I’ll approach the hot topic of a ban on Russian oil by way of personal anecdote: I’ve never been a soldier or a spook but I have twice found myself ensconced in secure Nato conference rooms. The first occasion was a group visit to the military alliance’s Brussels headquarters 42 years ago, when an unsmiling American defence expert introduced us to the concept of ‘Mutually Assured Destruction’ – whose acronym was the key to the tense but relatively stable Cold War stand-off. In simple terms, it would have been utter madness for either side to fire the first nuclear missile.
The odds on that happening by Kremlin order or error today are by no means as long as they were in 1980. But if that thought is too grim to contemplate, we’d better get our heads around a shorter-priced scenario: mutually inflicted economic mayhem. No version of that phrase I can come up with forms a label as neat as ‘MAD’ – but perhaps acronymic failure captures the randomness of impacts ahead. In simple terms again, we can only guess how markets and consumers will behave as the Ukrainian conflict unfolds. What we know is that the post-pandemic recovery is under threat and that inflation is set to multiply. What we’re told is that the only powerful weapon the West can deploy against Russia right now is a comprehensive sanctions regime, including a boycott of its oil and gas exports, so severe that it will cripple its economy. What we’re not told – because no one really knows – is how that assault will rebound on our own prosperity.
Between war and words
Which brings me to my second Nato encounter, at its college in Rome in 2012, when I was invited to lecture on the efficacy of sanctions in conflict. I began by quoting the former UN secretary-general Kofi Annan, who described sanctions as ‘a necessary middle ground between war and words’.
So be it, but I went on to cite studies of more than 200 examples of sanctions since the 1930s that showed at least two-thirds had failed to stop the aggressor, while causing adverse side effects: ‘Further impoverishing already poor people outside the power elite; damaging the commercial interests of countries imposing the sanctions; causing tensions with allies reluctant to join sanctions; offering a field-day for profiteering; reinforcing the regime they’re intended to weaken by offering a propaganda tool.’
I concluded that personally targeted measures, sequestering the fortunes of corrupt leaders, are far more likely to work than wider sanctions against whole nations, not least because they cause less collateral damage. So we must hope – though it’s not obvious so far – that the lust for riches of Vladimir Putin and the clique who hold him in power outweighs his megalomania.
Let’s get fracking, again
As wholesale oil and gas prices rocket at the prospect of an interdiction of Russian exports, we must also fervently hope that alternative sources can be found (and strategic reserves released) before the economies of the UK and Europe stall while millions of their people shiver in fuel poverty – and Russians ironically still have enough to keep warm. In that context, there’s a renewed chorus from investors and industrialists of ‘Let’s get fracking’. Are we not – they argue – sitting on several trillion cubic metres of accessible carbon fuel in the form of shale gas and have we not been importing large quantities from the US of the very same substance, extracted by the same proven technique of hydraulic fracturing, for at least the past five years? There are claims that improved methods can avert the seismic tremors that (along with the risk of toxic water pollution) provoked such fierce nimbyist opposition when UK fracking was first proposed a decade ago.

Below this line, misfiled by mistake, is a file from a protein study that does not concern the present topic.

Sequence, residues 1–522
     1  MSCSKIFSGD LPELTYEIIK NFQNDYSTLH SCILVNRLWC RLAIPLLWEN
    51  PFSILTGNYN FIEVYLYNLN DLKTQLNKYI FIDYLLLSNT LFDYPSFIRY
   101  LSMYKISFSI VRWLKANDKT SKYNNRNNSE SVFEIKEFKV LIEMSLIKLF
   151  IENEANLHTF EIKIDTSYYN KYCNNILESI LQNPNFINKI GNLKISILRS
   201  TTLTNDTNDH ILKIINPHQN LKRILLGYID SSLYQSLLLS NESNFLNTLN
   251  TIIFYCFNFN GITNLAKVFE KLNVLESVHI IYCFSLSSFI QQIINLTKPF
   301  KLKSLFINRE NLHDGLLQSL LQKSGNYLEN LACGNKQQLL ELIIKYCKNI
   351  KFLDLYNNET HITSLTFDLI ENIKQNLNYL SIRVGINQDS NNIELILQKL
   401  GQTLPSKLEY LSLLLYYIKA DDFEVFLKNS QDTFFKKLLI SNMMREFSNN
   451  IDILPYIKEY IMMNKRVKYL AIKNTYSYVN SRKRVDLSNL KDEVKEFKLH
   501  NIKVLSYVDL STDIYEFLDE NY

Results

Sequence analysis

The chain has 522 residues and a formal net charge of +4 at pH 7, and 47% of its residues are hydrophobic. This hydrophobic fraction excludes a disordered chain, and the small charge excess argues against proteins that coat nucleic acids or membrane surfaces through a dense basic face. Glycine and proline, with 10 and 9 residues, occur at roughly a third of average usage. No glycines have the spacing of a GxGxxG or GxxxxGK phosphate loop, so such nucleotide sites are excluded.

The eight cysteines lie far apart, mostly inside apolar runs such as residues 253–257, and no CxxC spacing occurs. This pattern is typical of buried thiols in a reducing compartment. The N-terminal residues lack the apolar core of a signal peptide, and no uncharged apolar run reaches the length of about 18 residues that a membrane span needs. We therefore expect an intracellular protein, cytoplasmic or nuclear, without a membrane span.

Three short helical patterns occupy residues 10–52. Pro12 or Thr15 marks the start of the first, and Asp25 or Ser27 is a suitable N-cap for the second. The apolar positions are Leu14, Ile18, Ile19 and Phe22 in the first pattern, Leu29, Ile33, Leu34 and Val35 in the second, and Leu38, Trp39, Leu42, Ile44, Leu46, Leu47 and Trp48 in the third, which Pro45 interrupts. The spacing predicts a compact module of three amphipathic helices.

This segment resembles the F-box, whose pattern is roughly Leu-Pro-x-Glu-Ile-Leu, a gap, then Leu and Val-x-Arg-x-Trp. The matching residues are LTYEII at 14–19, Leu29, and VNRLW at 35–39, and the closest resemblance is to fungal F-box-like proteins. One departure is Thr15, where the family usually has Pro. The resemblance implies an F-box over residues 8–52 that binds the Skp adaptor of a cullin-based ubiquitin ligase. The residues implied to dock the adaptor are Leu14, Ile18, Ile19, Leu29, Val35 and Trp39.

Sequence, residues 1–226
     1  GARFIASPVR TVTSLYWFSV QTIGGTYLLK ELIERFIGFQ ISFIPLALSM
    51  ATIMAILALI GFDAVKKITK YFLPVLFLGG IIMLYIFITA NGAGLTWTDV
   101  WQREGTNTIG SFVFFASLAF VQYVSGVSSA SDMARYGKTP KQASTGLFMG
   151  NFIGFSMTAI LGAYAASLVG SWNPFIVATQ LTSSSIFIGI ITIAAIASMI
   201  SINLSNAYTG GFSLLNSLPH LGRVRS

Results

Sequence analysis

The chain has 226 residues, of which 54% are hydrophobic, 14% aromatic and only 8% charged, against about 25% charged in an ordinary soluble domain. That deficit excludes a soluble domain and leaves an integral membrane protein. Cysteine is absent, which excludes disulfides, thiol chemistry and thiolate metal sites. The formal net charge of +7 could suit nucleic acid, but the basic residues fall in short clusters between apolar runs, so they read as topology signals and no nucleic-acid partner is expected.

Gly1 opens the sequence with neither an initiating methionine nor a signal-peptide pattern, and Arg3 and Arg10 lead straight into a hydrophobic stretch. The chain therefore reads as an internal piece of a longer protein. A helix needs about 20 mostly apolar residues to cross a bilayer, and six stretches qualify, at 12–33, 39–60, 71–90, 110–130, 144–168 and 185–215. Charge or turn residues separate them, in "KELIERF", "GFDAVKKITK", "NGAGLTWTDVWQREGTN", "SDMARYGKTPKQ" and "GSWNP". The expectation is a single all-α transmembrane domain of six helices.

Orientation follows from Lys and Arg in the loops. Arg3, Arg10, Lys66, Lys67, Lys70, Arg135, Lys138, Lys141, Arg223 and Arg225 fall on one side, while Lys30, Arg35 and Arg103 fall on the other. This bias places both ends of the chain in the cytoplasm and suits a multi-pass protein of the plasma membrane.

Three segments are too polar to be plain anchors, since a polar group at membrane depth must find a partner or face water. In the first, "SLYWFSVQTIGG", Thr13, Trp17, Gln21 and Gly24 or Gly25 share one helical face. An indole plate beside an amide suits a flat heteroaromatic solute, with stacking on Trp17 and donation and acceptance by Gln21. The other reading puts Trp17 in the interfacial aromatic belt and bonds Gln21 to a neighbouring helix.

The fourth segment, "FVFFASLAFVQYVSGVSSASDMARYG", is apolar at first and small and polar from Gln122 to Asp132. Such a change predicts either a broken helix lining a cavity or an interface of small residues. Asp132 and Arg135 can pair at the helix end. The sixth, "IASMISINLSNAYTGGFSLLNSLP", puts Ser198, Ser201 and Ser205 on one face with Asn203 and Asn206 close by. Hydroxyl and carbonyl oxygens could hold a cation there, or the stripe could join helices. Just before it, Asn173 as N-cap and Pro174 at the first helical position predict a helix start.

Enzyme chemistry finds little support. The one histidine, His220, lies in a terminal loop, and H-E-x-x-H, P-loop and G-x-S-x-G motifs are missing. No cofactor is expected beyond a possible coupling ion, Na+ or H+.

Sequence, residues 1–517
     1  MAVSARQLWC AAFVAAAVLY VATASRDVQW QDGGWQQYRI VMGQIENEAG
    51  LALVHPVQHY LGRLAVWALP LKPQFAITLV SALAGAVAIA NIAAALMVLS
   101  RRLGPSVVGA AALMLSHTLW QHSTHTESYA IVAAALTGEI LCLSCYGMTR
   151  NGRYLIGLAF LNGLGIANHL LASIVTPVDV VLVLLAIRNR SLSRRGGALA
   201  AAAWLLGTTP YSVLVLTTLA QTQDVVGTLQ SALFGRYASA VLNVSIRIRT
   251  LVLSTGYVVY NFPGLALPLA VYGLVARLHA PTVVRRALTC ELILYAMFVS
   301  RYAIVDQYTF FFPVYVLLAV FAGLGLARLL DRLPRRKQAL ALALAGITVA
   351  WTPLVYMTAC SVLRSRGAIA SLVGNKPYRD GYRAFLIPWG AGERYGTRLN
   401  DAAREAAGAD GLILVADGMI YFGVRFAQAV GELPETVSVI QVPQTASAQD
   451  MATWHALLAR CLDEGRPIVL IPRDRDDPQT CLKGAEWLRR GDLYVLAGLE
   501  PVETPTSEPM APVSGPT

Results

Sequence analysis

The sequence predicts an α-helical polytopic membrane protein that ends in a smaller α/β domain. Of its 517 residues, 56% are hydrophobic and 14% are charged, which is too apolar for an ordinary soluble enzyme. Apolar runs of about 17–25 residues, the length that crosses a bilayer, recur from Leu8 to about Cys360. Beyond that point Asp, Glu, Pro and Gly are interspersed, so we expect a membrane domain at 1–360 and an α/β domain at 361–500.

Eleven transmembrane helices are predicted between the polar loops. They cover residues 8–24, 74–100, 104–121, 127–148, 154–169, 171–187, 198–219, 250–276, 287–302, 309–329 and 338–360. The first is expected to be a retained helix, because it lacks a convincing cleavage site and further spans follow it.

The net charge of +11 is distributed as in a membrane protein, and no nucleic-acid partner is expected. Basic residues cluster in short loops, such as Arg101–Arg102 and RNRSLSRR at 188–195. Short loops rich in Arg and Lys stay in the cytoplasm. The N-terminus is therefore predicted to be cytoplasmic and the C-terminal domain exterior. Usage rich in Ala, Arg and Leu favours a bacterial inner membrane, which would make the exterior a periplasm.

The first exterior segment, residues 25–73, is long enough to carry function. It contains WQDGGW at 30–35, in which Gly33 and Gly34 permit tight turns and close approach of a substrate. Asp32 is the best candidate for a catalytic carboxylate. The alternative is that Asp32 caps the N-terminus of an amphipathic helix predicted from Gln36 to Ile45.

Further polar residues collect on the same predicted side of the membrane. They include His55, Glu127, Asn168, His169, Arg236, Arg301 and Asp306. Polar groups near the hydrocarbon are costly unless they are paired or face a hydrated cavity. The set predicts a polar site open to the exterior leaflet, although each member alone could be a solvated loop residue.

But having watched a senior minister batting away pro-frackers in a recent private meeting, I’m pretty certain it’s never going to happen. Cuadrilla, which would have been the biggest player, is sealing its wells in Lancashire; rival Ineos wrote off its investment in the sector two years ago. No matter that around one-fifth of the gas we need pro tem is right under our feet: no politician will pick this particular potato out of the embers.
But if onshore drilling is too visible, offshore rigs have no neighbours other than Greenpeace sailors and it surely makes sense to exploit remaining offshore carbon reserves to help bridge what will be a 25-year-plus transition to renewables – rather than leaving them under the ocean as yet more stranded assets. After an interval in which pre-war eco-activists had the better of the argument, the government now looks likely to sign off on a new round of North Sea drilling licences. Fields awaiting development in the area west of the Shetlands include Cambo and Rosebank for substantial supplies of both oil and gas, and Glendronach, a more difficult prospect but a potentially huge gas source.
All that is years away and scant consolation in the current crisis – but it would be absurd to rely for the next 25 years, for appearance’s sake, on the uncertainty and volatility of energy imports. On that theme I’m grateful to Shetland News for both a statistic and a parable.
The statistic is that the ‘carbon intensity’of imported liquefied natural gas is on average almost three times that of North Sea gas (the lower the intensity, the greener the fuel). The story concerns the Maltese-registered tanker Hellas Diana, with a capacity of 174,000 cubic metres of LNG. Having loaded at Corpus Christi, Texas, in November and passed through the Panama Canal en route to unload at Tianjin, China, the vessel U-turned in mid-Pacific as gas prices kept rising and sailed all the way here instead, traders having bought its cargo to fill a hole in UK demand in January. That’s another form of madness.
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